Journal of Medical Ultrasound

IMAGING FOR RESIDENTS QUIZ
Year
: 2022  |  Volume : 30  |  Issue : 4  |  Page : 312--313

Multiple cerebral abnormalities at third-trimester ultrasound scan in an uncomplicated pregnancy


Fabiana Castro, Ana Portela Carvalho, Juliana Rocha, Carla Marinho, Graça Rodrigues 
 Department of Obstetrics and Gynaecology, Centro Hospitalar do Tâmega e Sousa, Porto, Portugal

Correspondence Address:
Dr. Fabiana Castro
Department of Obstetrics and Gynaecology, Centro Hospitalar do Tâmega e Sousa, Avenida do Hospital Padre Américo, No. 210, 4564-007, Penafiel, Porto
Portugal




How to cite this article:
Castro F, Carvalho AP, Rocha J, Marinho C, Rodrigues G. Multiple cerebral abnormalities at third-trimester ultrasound scan in an uncomplicated pregnancy.J Med Ultrasound 2022;30:312-313


How to cite this URL:
Castro F, Carvalho AP, Rocha J, Marinho C, Rodrigues G. Multiple cerebral abnormalities at third-trimester ultrasound scan in an uncomplicated pregnancy. J Med Ultrasound [serial online] 2022 [cited 2023 Apr 1 ];30:312-313
Available from: http://www.jmuonline.org/text.asp?2022/30/4/312/322279


Full Text



 Section 1 – Quiz



Case description

A 31-year-old pregnant woman, multigravida (G3P2), was referred to our outpatient department at 30 weeks of gestation for abnormal growth pattern at the mid-trimester ultrasound scan (3rd centile) performed at 20 weeks and 5 days of gestation despite normal morphology of the fetus for this stage.

Previous pregnancies were uneventful. Early antenatal care was managed at primary care. First-trimester ultrasound and combined screening demonstrated no anomalies and a reduced risk for aneuploidies. At her 1st- and 2nd-trimester antenatal screens, executed according to national policies, she was noted to be Rhesus positive, negative for HIV, hepatitis B, and syphilis. She was also found to lack immunity for the Rubella virus and Toxoplasmosis. Screening for gestational diabetes was negative.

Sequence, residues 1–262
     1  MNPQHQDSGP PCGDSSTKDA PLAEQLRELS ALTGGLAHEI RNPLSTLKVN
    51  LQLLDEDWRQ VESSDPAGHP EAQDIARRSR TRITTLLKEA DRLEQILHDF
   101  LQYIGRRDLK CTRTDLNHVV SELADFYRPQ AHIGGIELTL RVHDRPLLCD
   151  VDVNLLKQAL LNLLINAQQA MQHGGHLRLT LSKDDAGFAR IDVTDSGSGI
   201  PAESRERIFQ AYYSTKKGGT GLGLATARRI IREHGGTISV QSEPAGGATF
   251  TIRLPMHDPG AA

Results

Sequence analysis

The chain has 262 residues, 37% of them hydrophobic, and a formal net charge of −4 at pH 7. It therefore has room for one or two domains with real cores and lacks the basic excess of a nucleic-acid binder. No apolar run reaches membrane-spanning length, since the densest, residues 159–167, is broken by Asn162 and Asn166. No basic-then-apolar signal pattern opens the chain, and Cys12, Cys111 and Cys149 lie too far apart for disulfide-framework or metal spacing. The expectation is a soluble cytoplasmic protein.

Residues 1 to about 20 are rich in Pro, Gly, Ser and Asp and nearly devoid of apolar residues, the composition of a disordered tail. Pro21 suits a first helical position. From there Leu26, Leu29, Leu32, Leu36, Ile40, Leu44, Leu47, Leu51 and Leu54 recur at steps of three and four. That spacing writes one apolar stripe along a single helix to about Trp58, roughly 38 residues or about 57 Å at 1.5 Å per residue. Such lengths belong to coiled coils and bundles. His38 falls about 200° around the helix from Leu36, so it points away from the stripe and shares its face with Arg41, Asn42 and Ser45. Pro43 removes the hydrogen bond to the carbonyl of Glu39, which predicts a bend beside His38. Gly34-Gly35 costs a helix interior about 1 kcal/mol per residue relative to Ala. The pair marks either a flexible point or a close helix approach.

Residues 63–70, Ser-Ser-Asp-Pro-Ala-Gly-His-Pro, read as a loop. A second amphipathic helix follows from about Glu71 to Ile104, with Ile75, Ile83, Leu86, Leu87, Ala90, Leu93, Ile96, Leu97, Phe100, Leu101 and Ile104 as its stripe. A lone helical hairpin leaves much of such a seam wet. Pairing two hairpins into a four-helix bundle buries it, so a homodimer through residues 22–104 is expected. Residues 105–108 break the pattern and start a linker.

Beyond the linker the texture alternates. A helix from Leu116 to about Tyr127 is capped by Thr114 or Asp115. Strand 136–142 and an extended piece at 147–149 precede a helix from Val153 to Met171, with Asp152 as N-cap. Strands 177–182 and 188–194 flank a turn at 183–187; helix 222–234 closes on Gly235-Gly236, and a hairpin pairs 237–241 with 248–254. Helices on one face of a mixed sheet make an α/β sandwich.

At 31 weeks and 5 days, an ultrasound at our department revealed ventriculomegaly affecting the 3rd, 4th and lateral ventricles [Figure 1] with hyperechogenic ventricular walls [Figure 2]. At the posterior fossa, a hyperechogenic cerebellum with an apparent loss of substance was observed [Figure 3]. A review of the remaining fetal anatomy also evidenced the presence of a Grade 2 echogenic bowel [Figure 4]. The fetus had a standard amniotic fluid index and estimated fetal weight was 1672 g, corresponding to the 24th centile. The placenta was posterior, with no relation with internal cervical os and normal in appearance. Fetal Doppler and biophysical profile were normal.{Figure 1}{Figure 2}{Figure 3}{Figure 4}

At this visit, multiple diagnostic approaches were considered, and amniocentesis was offered. Karyotype, array comparative genomic hybridization, and infectious screening were carried out in the amniotic fluid as was TORCH (Toxoplasmosis, Other [syphilis, varicella-zoster, parvovirus B19], Rubella, Cytomegalovirus, and Herpes infections) seroconversion investigated in maternal serum.

For further characterization of the ultrasound findings, magnetic resonance imaging (MRI) of the fetal brain was suggested. MRI was performed at 32 weeks and 5 days and demonstrated ventriculomegaly without subjective signs of hydrocephaly. Multiple periventricular calcified foci, bilateral temporal cysts, and extensive polymicrogyria were identified in cerebral hemispheres, and a cerebellar vermis hypoplasia was revealed [Figure 5].{Figure 5}

 What Is the Diagnosis?



Declaration of patient consent

The authors certify that they have obtained all appropriate patient consent forms. In the form, the patient has given her consent for her images and other clinical information to be reported in the journal. The patient understands that her name and initials will not be published and due efforts will be made to conceal the identity, but anonymity cannot be guaranteed.

Financial support and sponsorship

Nil.

Conflicts of interest

There are no conflicts of interest.